The group’s message is “China, please.” With the 2008 Olympic slogan, “One World, One Dream,” the coalition is asking China to use its economic and political leverage to pressure the Sudanese government to end the genocide in Darfur.

Several UO students joined the coalition in recent months and brought new ideas and a new demographic to the table. Between classes, Jaime Symons and Kailyn Knight have been organizing educational movie nights, writing proposals and passing out brochures.

National organizations have lent some support and funding to the coalition in preparation for the Trials. In April, Knight and Symons flew to San Francisco for the U.S. leg of the Olympic torch relay. Symons said the camaraderie was inspirational as she stood with thousands of others to ask China to clean up its human rights violations.

The coalition plans to hold events in the UO’s Erb Memorial Union Amphitheater from Saturday, June 28 to Monday, June 30. Stop Genocide Now, an organization dedicated to protecting threatened populations, will bring Camp Darfur to Eugene. Camp Darfur will display tents that house information, images and stories about five genocides, including Darfur. Along with live music, the coalition plans to have hands-on activities, such as making school kit donations. In addition, the local group has teamed up with community members to hold a benefit for Darfur at Jo Federigo’s Restaurant and Jazz Club on Monday, June 30. 

The coalition wants to make the issue visible to the media by getting Darfur signs in business and home windows across town and passing out symbolic armbands to people on campus. The group is working with Tents of Hope, a national project that creates symbolic tents to spark community education about Darfur.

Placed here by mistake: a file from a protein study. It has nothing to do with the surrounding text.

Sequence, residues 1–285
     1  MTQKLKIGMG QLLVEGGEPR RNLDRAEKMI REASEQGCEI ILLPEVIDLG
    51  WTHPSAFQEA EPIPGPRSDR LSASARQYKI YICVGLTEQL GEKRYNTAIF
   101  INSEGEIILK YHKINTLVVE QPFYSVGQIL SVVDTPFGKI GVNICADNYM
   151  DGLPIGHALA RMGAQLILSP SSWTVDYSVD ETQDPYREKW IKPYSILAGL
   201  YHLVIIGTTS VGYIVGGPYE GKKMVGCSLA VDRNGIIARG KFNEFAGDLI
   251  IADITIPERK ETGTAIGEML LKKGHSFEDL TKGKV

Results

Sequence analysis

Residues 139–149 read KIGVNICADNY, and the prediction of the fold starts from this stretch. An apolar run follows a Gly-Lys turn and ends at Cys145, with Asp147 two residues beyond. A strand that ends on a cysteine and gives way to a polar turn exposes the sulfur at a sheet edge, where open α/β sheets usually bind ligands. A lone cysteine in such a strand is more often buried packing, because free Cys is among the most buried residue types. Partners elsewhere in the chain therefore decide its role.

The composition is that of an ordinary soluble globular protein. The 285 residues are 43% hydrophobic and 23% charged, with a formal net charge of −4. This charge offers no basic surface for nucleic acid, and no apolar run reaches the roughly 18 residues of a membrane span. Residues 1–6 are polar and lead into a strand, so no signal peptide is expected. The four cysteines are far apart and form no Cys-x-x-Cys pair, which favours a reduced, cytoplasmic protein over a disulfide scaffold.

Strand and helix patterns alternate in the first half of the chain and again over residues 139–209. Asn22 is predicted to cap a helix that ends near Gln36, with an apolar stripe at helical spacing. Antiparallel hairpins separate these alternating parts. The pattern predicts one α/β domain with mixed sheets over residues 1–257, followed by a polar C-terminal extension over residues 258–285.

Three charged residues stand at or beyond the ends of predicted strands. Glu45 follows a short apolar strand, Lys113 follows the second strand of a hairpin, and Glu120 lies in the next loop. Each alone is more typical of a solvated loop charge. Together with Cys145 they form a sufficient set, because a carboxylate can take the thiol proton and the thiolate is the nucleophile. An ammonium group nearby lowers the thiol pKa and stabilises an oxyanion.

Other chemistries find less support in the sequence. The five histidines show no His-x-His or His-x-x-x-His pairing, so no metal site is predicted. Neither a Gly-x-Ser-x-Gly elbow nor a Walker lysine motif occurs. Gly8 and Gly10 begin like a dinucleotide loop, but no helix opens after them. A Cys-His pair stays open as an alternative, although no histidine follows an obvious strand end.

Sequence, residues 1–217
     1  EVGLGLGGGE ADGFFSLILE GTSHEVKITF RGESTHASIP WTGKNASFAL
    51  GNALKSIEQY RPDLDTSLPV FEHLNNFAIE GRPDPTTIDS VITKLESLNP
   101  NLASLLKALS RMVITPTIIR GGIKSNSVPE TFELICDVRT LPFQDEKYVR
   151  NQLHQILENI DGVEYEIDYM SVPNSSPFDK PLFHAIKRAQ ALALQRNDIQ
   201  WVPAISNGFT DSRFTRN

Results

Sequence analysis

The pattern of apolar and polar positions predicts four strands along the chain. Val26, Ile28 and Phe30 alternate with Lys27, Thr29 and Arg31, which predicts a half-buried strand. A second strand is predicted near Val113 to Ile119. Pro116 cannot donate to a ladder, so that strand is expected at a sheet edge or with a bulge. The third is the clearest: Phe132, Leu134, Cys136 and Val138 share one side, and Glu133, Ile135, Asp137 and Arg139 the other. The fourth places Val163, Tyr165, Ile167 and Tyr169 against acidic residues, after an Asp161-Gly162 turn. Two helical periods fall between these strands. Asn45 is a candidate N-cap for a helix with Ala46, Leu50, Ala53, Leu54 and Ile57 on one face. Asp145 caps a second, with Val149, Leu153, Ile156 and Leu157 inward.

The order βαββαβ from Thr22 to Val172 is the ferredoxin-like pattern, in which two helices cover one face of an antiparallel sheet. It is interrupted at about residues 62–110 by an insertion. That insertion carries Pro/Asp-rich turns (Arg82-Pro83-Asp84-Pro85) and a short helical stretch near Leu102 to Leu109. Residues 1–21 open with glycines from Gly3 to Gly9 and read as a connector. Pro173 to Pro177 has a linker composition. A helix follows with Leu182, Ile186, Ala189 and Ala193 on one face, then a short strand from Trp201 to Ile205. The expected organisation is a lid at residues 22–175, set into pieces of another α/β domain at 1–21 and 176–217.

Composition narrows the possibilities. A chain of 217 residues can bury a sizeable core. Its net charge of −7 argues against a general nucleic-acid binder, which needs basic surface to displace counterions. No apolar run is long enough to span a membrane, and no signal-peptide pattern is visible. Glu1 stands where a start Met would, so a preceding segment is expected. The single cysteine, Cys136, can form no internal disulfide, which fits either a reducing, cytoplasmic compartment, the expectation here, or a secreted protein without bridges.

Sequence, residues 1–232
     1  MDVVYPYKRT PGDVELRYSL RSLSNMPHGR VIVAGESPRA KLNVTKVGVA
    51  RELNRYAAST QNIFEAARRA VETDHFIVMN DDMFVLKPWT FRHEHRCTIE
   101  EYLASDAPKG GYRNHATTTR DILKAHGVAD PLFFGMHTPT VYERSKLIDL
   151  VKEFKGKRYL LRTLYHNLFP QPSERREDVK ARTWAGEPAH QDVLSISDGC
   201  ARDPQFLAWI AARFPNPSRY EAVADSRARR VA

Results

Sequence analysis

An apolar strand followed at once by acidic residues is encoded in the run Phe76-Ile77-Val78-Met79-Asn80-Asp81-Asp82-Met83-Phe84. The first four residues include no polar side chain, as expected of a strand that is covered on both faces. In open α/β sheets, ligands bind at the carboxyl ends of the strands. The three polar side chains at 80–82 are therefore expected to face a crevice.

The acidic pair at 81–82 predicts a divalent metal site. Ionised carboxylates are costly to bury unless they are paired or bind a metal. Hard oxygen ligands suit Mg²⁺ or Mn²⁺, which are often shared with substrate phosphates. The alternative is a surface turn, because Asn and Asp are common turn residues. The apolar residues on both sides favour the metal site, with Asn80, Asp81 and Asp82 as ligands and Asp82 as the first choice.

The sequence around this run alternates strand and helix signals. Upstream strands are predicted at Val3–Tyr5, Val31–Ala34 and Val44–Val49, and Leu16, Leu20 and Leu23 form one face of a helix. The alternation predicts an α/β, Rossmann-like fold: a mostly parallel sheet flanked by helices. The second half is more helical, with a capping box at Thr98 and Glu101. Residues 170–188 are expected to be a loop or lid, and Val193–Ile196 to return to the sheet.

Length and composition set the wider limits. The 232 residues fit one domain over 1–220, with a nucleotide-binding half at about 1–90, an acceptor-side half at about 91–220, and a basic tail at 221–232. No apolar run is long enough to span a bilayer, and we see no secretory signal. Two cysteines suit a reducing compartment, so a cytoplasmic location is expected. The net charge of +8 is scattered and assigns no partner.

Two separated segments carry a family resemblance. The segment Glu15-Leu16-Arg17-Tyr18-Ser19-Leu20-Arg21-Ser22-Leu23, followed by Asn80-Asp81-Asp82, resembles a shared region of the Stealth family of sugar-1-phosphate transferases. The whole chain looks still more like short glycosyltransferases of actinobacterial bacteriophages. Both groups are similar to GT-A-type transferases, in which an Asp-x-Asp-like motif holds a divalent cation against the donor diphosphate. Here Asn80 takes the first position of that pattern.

Even with the opportunity of national media coverage, Berger knows it’s impossible to forecast what impact local activism will have on the distant five-year-long conflict. 

“There’s some fear,” she said, running her fingers across her green ‘Save Darfur’ bracelet. “But I am hopeful.”

Berger takes at least one action for Darfur each day: a call to U.S. Rep. Peter DeFazio, a letter to the editor, a conversation with a stranger.

 “Sometimes people think that they can only make a difference through donating money, but as citizens there are certain actions we can take through the government and it’s not always reaching into our pocketbooks,” Berger said. “This is a cause where you just have to take a breath and just keep taking action.”     

To contact the Lane County Darfur Coalition, call Jaime Symons at 707-478-9438





Darfur, Tied to China

Economic

China is Sudan’s biggest trading partner. According to PBS, China buys around two-thirds of Sudan’s largest export, oil. 

Political

China has repeatedly used its seat on the U.N. Security Council to block U.N. intervention in Darfur. In 2006, China hindered international support in Darfur by abstaining from U.N. Security Council Resolution 1706.

Military

China serves as a major arms supplier to the Sudanese government. Some of these weapons have been used in the Darfur genocide.